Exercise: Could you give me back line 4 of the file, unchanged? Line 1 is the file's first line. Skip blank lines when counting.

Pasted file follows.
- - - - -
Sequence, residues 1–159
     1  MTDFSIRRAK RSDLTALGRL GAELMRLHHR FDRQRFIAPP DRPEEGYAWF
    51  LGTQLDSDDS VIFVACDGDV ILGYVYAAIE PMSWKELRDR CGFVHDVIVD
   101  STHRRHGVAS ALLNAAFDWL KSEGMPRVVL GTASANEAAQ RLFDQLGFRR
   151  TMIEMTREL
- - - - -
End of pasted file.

   101  STHRRHGVAS ALLNAAFDWL KSEGMPRVVL GTASANEAAQ RLFDQLGFRR